Elephants in Bali camp left to starve to death following COVID-19 outbreak: report
After being forced to close due to the coronavirus outbreak, an elephant park, Bali Elephant Camp, has been accused of allowing more than a dozen elephants to starve, according to reports by Al Jazeera. In 2005, the Bali Elephant Camp (BEC) was part of a wildlife conservation effort that saw it house several critically endangered Sumatran elephants to help the population stabilize. The elephants in the parks and zoos come from breeding centers in Sumatra established 30 years ago as part of an effort to stabilize the population. Accredited companies have been allowed to market elephant-back tourism services, which were very successful before the pandemic.
However, in May, a veterinarian Duchess Femke Den Haas revealed to Al Jazeera the story of Bali’s various malnourished elephants. Haas, who has worked in Indonesia for 20 years to protect wildlife, said people aren’t supposed to see their bones because they’re large creatures, but that’s exactly what they were only skin and bones.
“They were nothing more than skin and bones”
Haas visited the camp as a representative of Balai Konservasi Sumber Daya Alam Bali (BKSDA), the government agency responsible for overseeing Sumatran elephant adoption programs in safari parks and zoos. BKSDA chief Agus Budi Santosa said that following the COVID-19 pandemic, several industries in Bali have failed and small businesses like Bali Elephant Camp have been particularly affected, according to Al Jazeera. They were no longer able to finance operational costs, especially the cost of feeding elephants when tourism ceased. The government had no choice but to help them by providing them with food and energy. According to Al Jazeera, neither the forestry department nor the BKSDA had offered financial assistance for the elephants.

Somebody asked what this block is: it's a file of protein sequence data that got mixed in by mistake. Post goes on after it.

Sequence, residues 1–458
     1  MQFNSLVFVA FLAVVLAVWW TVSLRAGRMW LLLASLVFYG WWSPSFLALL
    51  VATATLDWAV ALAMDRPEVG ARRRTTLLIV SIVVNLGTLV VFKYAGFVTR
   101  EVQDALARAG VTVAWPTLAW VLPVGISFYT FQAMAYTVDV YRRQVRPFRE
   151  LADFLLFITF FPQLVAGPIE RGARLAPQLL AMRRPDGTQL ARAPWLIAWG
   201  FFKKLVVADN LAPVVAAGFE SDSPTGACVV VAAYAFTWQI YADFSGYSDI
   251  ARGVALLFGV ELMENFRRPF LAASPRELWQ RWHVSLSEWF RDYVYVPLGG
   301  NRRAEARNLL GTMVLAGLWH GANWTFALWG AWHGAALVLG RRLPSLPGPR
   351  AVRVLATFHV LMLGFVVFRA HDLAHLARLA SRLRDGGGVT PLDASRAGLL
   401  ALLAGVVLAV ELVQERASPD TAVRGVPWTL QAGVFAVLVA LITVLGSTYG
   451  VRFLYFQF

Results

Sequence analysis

Poaching for ivory, human-elephant conflict and deforestation have likely reduced the number of Sumatran elephants in the wild to just 2,400, according to a 2007 report from the World Wide Fund for Nature. 67% of the available Sumatran elephant habitat was destroyed between 1980 and 2005, the equivalent of just one and a half generations of elephants. The species was declared Critically Endangered in the wild in 2012.